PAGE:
Interview with Gisel and Zagdorf from The Wildcat’s Victory by Chris Hoare
I wondered what characters from my Iskander series novels to use for this interview and came up with two scenario alternatives. The first idea was an interrogation that would take place in a dungeon when the arch-villain Commandante Zagdorf managed, at last, to capture the protagonist Gisel Matah. I thought it might work as information but might be too gory for readers to enjoy.
There is an interval between Iskander novels, after The Wildcat’s Victory, where they both attend a conference while a truce was in effect – which means they have to try to be civil to one another and put aside the death threats.
The scene is an executive dining room set up in a castle in Novrehan by the Iskanders, during a break in the conference wrangling.
Enter Gisel Matah in charcoal grey military fatigues. The room is almost empty, except for two men dressed as clerks and an Imperial officer, Commandante Zagdorf, in parade uniform, cuirass, and wearing a rapier.
Zagdorf: (at a table in the middle of the room, looks up from an empty glass of fortified wine and pours himself another slug) “Good evening, Wildcat. Taking a rest from subverting all the neutral princes?”
Gisel: “Not at all – just letting a suggestion sink in. What about you – drowning your sorrows?”
Zagdorf: “I’m sure that would please you, but I have none. Won’t you join me?”
Gisel: (hesitates and then grins) “Why not? I doubt if you have the table booby trapped.”
Zagdorf: (smiles as she takes seat) “This is almost like old times. Do you remember the breakfast in Lubitz?”
Gisel: “Or the delightful dinner meeting in Crown Prince Jeury’s yurt?”
Zagdorf: (raises the bottle) “Such memorable times. Will you take a drink?”
Gisel: “Thank you, not your poison. I came for a quick meal. I expect the meetings will go on until midnight tonight.” (Orders a couple of savory pies and a flagon of wine from the attentive footman)
Zagdorf: “Now you admit you came to this world by a vessel that traveled between stars, I’ve been wondering what function you fulfilled aboard. Were you trained to be this subversive rabble-rouser?”
Gisel: “Not at all. I was a sixteen-year-old gymnastics coach and personal trainer – the security gig has been entirely a response to meeting you and your murderous cronies.”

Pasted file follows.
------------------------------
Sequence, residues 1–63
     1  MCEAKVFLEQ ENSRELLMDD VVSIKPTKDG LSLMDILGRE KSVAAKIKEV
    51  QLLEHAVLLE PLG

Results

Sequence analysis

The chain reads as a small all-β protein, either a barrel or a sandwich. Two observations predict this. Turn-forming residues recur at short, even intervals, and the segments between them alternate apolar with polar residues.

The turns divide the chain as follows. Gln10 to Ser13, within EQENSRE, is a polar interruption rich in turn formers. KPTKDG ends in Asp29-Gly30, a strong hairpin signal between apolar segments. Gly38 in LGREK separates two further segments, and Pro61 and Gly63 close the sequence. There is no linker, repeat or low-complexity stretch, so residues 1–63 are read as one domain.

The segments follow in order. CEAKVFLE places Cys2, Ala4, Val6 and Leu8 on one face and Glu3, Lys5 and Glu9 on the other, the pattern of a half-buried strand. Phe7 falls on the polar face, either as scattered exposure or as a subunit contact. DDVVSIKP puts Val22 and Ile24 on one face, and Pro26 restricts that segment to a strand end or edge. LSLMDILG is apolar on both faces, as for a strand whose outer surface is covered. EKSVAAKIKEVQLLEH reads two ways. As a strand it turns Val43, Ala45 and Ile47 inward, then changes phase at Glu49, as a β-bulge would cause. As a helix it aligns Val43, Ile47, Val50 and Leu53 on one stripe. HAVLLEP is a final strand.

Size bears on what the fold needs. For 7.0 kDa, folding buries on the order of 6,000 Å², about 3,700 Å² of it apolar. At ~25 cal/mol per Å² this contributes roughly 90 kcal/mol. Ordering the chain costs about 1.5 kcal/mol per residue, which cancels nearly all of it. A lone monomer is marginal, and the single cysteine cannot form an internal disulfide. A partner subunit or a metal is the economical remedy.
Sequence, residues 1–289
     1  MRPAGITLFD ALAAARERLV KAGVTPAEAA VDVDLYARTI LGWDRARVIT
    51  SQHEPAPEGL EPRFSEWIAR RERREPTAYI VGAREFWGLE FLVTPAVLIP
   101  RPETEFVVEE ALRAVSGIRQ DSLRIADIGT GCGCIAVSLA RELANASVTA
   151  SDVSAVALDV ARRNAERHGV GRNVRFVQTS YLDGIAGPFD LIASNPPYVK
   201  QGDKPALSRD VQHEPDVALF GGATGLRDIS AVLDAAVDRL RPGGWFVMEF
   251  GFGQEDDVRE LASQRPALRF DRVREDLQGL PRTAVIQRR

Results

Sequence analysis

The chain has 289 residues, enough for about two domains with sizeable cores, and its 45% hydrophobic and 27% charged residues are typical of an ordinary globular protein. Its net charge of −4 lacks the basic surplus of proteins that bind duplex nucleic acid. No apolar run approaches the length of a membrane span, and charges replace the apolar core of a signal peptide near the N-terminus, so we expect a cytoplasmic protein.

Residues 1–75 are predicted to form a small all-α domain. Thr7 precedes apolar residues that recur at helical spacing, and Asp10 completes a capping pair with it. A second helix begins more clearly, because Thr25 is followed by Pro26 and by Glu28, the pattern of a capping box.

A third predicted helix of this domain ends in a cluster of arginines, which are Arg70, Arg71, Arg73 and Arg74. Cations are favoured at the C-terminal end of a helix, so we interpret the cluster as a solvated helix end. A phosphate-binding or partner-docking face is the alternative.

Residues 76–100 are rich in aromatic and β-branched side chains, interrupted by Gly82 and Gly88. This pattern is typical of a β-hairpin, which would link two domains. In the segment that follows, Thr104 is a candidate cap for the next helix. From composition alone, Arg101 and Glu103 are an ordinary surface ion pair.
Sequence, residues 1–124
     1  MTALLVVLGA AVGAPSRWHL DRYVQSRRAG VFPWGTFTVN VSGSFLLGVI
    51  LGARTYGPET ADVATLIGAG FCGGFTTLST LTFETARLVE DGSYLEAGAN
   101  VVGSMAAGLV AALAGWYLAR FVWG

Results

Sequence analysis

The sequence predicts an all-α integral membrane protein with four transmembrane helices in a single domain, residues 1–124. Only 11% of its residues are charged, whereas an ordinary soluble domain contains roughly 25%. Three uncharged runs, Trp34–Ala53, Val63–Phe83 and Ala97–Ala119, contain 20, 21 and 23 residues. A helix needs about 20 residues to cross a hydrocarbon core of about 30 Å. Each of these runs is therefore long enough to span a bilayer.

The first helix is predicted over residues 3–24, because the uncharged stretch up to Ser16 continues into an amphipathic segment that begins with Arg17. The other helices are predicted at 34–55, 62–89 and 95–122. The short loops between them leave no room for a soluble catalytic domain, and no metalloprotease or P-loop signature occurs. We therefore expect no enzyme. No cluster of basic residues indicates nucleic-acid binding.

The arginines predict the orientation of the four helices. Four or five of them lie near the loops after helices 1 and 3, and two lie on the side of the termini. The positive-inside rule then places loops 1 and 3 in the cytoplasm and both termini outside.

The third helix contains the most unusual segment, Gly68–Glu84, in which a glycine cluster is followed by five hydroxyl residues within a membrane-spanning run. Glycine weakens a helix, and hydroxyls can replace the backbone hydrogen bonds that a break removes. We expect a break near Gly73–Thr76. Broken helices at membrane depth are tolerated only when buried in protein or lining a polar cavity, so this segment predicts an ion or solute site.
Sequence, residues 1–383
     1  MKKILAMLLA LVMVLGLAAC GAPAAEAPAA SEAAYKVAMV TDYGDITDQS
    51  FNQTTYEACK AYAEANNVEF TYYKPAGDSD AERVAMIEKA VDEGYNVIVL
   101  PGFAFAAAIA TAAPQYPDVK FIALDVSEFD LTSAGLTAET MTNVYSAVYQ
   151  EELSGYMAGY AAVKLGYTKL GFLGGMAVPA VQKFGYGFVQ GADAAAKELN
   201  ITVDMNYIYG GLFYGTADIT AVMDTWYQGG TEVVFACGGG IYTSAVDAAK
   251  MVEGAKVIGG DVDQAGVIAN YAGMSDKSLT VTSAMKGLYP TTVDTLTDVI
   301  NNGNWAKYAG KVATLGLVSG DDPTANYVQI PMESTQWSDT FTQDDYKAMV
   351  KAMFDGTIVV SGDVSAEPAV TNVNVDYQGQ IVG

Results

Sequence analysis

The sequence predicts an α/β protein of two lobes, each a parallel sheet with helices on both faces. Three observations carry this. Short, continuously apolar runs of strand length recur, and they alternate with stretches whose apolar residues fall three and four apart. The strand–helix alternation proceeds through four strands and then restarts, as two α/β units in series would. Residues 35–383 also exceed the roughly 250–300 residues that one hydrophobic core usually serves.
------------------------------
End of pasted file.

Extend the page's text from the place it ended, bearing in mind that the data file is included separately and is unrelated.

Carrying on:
Zagdorf: “I’m not entirely sure what those titles mean, but you were merely your father’s protigée, were you not?”
Gisel: (narrows her eyes) “I was a minor, he had an obligation to provide for me. Yes . . . I admit he pulled strings to get me aboard.”
Zagdorf: “But the implication is that he took you on a journey. Why did you not stay at home with your mother?”
Gisel: (looks down at the tray set on the table before her; pours wine into a glass, adds some water, picks up a pie and bites into it) “Actually, it was my mother’s idea. You see, my brother had decided to accompany his father for the ten year contract to build up a new colony world’s infrastructure and mother worried about his father’s influence on her ‘dear son’ in all that time. I was supposed to act as a moderating influence.”
Zagdorf: (smiles broadly) “I cannot imagine you as a moderating influence. But where is this brother? I’ve never heard of him.”
Gisel: (shrugs) “Robert works behind the scenes. He’s our mathematician and intelligence analyst – keeping us ahead of your murderous plots.”
Zagdorf: (sets his glass down) “Aboard your star-ship the Iskander, floating in space above the equator?”
Gisel: (eyes him and doesn’t answer).
Zagdorf: (laughs) “Don’t pretend that’s not true. I’ve known about your star-ship since ‘44, when I went to Kalamina to investigate your pirate raid. I took an astronomer with me who had tracked the machine when you first arrived. He was able to offer many theories about its nature and navigation that have since been borne out.”
Gisel: (carefully raises her glass and takes a draft) “But you didn’t tell the Emperor?”